Hershey’s Launch Coaster, Short but Memorable
As a big steel coaster fan, I was curious to see how good Storm Runner really was. Since it wasn’t there the last time I went to the park I figured a 2 hour trip to re-visit Hersheypark wouldn’t be a bad idea.
On this Intamin Accelerator Coaster, riders are launched from 0 to 72 mph in 2 seconds. The launch has a great viewing area where onlookers can wave at their friends and families aboard the ride. Launch coasters have been a great addition to the theme park landscape. They really bring some wonder and amazement to your average park goers. Immediately after the launch the train is shot up a 150′ (15 stories) hill. It’s shaped like an upside-down “u” and is known as a top hat. It’s purpose is to give riders a brief pop of airtime as they crest the hill.
The launch was fun, but not as amazing as advertised by others in the coaster enthusiasts community. I’ve probably been talking to too many Pennsylvanians. I prefer Volcano’s launch as it seems so raw and powerful. And I didn’t get any air in the back of the train on the top hat hill, but it was cool having a few seconds to look around. The steep drop on the other side was great. Thanks to a ravine below you drop down 180′ feet and then you enter the first of the three inversions (loops).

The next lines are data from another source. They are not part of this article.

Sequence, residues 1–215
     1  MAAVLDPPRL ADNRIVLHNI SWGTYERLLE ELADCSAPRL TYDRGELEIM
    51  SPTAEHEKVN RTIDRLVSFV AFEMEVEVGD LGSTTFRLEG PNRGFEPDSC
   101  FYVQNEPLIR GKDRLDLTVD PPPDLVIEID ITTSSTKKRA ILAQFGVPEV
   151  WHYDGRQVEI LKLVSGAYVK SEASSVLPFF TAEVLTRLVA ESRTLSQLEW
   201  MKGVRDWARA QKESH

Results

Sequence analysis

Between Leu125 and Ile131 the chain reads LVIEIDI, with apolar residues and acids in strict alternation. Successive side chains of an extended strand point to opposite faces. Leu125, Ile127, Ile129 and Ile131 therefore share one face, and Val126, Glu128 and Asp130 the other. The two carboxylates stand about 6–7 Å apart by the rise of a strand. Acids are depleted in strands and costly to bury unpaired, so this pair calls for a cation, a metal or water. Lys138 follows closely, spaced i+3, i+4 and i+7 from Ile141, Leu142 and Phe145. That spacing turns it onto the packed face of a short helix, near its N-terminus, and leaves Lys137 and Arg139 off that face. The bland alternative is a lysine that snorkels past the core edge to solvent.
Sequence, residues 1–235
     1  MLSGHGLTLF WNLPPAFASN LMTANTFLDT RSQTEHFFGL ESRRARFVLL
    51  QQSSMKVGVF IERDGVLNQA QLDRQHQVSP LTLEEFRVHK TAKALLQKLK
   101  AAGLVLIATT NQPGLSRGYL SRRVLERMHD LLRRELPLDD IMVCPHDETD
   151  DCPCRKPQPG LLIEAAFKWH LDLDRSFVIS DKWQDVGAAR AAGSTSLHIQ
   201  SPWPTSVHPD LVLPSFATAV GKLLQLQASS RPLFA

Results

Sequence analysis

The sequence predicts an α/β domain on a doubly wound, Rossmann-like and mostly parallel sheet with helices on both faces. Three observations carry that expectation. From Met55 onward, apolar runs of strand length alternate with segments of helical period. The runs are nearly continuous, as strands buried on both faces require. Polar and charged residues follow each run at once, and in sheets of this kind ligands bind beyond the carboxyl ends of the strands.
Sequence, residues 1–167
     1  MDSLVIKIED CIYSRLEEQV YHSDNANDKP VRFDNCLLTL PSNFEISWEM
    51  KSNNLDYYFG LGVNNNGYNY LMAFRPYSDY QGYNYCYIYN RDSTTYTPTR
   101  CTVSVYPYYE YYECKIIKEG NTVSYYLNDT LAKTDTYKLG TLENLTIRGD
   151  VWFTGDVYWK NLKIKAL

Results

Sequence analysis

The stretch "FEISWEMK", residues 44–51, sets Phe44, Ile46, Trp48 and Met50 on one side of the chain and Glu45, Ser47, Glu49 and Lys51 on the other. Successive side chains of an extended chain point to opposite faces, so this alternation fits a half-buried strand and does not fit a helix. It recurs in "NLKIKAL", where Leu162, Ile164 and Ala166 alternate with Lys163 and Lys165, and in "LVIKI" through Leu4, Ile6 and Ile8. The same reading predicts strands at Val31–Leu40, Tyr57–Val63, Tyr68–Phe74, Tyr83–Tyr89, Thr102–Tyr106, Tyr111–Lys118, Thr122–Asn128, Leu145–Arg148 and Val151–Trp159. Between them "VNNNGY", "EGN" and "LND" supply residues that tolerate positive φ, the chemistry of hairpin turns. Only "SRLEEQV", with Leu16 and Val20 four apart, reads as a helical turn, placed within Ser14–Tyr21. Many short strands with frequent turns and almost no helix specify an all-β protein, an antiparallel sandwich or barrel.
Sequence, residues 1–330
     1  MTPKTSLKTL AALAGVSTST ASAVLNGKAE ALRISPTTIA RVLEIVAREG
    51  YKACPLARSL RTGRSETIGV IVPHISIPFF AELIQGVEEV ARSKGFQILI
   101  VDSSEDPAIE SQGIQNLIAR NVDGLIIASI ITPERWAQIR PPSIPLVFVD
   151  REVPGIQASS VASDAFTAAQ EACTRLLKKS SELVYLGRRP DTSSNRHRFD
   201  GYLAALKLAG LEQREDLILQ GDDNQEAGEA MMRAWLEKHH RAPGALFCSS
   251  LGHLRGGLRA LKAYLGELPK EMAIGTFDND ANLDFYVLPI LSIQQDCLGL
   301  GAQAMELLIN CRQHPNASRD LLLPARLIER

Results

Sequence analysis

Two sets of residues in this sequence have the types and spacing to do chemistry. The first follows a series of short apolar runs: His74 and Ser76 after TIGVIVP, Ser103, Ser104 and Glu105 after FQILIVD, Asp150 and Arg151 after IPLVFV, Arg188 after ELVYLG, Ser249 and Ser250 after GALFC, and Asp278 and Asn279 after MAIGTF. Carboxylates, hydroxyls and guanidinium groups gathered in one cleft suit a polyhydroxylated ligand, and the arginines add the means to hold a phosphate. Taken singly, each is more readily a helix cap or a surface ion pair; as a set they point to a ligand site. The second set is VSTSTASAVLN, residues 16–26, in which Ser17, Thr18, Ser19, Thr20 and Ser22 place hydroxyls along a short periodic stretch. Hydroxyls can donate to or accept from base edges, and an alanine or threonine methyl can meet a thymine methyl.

The first is a large looping maneuver known as an Immelmann. I like these inversions on B&M coasters, but this one was just so-so. Storm Runner really redeems itself with the next few elements. After the Immelmann the train climbs back up to about 100′ in the air where you perform an awesome zero-g roll. Aside from a brief feeling of weightlessness, you can see how high you are as the ground is far below. The roll is followed immediately by Storm Runner’s coup de grace. A unique inversion Intamin has dubbed the flying snake dive. It’s tough to describe and the feeling it gives is pretty disorienting. In a good way. It’s easily the highlight of the ride.
After it, you fly over a stream, go through a funky banked section and then hit the station brakes. So you’ve got a coaster with an exciting if not spectacular launch, a great drop, so-so inversion, great barrel roll, and a sick new inversion. I know Hershey is strapped for space, but at least a nice long helix or some bunny hills towards then end would really help balance out the ride. Lastly, it’s a great coaster for photo ops and has a unique layout. It’s not a bad ride by any means, but for me it’s not quite in the upper echelon. If I right away think of what could have made it better, I can’t give it a 9 or 10. Final Rating – 8.5 (Great-Approaching Excellent)
Check out this video of Hersheypark’s Storm Runner:
What’s Your Take?
What do you think of Storm Runner? Leave a comment below.